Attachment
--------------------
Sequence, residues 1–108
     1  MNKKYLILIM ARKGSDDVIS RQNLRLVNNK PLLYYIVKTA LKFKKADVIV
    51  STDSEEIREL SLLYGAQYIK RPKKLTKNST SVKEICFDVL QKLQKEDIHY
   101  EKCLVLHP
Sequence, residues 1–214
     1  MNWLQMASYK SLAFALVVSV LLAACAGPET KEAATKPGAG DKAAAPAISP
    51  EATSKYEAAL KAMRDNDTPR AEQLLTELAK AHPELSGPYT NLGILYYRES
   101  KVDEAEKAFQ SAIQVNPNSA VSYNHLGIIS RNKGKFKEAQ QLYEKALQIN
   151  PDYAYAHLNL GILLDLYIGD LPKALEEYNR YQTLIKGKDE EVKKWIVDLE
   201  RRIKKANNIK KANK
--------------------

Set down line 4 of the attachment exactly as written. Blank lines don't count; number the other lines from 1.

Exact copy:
   101  EKCLVLHP